You know, sometimes these weeks of Lifetime of Simpsons articles come out a little goofy, due to the whole structure of it. Pulling the next five episodes each week does have a tendency to create weird weeks, that close on odd notes. Like this week. Because yesterday’s insane and fun Lego episode seemed like a great place to end both the week, and the season. But that’s not the case. Because now we’re ending the week with a real bummer, just killing that buzz. And it’s not even the end of the Season! That’s next Monday! Oh well, let’s get through this.
The episode begins with Marge baking in the kitchen, while Bart awkwardly sits there and watching an episode of Itchy and Scratchy on his phone, being disruptive. It’s a pretty good bit though, a parody of Ratatouille that has Itchy causing Scratchy to serve his own body parts to some other cats, making them cannibals. But the episode really grosses out Marge, who can’t help but overhear it, and in her distraction she ends up ruining a cake she was baking.
Which is bad, because this cake was for an upcoming block party, and Marge really feels a lot of pressure to make something good. Unfortunately, she’s not going to have time to make another one, so she’s going to have to debase herself, and go buy a store-bought cake. Marge then surreptitiously goes to Swapper Jacks and buys a cake, deeply ashamed of herself the whole time. Hell, she even wears a disguise.
Marge then tries to drop the cake off at the block party without earning any attention to herself, and fails spectacularly. Because as she’s dropping off her cake she runs into a new neighbor, a British man named Booth Wilkes-John. He begins chatting with Marge, first about the cake, but then about the idea of her and Homer coming over for a weekly game night that he hopes to get going. And she really wants to go.
However, she knows that this is a terrible idea. Because Homer has a long and storied history of making an ass of himself during game nights. So at first Marge decides to just let this game night thing fade away, and forget it. But it really starts to bug her. Marge realizes that they have no couple friends, and that’s really starting to piss her off. Homer doesn’t seem to care about having couple friends, and actually likes his life the way it is, but Marge succeeds in convincing him that they should do this game night thing, and give it a shot.
In the coming week Marge continues to hound Homer, trying again and again to hammer in the fact that he needs to behave, and be a charming guest. And, when the night finally arrives, Homer and Marge walk over to Booth’s house, and find several other couples already there, and ready to get gaming. And Booth has gone all out. He and his wife has crafted a very elaborate murder mystery game, complete with costumes, backstories, period appropriate food, and even a folly artist. Seems like a good time!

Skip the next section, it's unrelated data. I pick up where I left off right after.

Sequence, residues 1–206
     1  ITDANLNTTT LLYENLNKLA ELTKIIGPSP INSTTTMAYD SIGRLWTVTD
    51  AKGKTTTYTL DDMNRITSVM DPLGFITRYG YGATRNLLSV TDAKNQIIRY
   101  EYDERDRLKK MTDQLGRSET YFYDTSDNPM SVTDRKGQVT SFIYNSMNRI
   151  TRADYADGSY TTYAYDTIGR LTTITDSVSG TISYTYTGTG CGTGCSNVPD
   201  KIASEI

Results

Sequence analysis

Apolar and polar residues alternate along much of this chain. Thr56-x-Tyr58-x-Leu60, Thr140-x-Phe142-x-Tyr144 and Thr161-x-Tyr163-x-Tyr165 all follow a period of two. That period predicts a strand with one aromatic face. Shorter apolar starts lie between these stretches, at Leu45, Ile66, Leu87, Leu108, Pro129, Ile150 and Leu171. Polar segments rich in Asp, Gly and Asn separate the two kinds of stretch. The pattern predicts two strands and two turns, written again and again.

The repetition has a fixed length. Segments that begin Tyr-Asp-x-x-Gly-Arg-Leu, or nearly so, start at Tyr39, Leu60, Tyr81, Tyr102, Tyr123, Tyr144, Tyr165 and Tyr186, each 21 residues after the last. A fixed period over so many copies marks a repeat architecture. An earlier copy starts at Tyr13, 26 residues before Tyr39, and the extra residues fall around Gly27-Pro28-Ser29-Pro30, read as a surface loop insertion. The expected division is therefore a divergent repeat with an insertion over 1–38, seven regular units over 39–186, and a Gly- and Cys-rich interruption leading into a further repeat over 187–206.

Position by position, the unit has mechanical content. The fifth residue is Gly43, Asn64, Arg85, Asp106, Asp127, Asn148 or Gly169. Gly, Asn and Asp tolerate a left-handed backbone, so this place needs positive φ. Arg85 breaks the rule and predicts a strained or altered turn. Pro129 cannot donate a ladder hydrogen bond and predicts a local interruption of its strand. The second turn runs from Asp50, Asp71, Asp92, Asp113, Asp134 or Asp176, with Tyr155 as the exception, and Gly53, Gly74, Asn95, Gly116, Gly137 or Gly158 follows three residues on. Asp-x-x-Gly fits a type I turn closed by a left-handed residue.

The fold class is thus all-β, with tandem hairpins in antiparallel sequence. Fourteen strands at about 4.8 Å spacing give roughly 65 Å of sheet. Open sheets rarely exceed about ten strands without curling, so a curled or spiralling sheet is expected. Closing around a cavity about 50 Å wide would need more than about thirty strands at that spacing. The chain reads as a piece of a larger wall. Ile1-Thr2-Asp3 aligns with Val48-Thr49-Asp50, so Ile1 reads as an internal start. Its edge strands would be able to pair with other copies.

Until Homer get his card, and immediately reads aloud that he’s the murderer, spoiling the entire evening. And Booth is furious. Really, everyone there is, but Booth in particular is pissed, and he and Homer start squabbling, which quickly devolves into an actual fight. Homer and Marge then awkwardly get kicked out of the party, and have to skulk home, while Marge is a barely contained ball of fury.
The next morning Homer comes downstairs, and finds Marge sitting at the kitchen table, still furious about the previous night. Homer tries to talk to her, and Marge just makes a simple statement. She’s realized that Homer makes it so that they’ll never have friends, and she’s decided to just accept a lonely and bitter life. Which Homer is fine with. But, Marge has one demand. She’s fine with her not having friends, but she’s worried that Lisa is following down the same path.
Marge is suddenly very worried that Lisa has no friends, and wants Homer’s help in fixing that. Which is an insane goal, but don’t worry, it’s just going to get more and more insane. Because their first idea is to throw a massive party, and invite every kid that Lisa knows. They prepare this huge party, complete with food, entertainment, lizards, bouncy castles, and gift bags. There’s only one problem. Only one obnoxious kid shows up. So they quickly abort the party, and pretend that it never happened.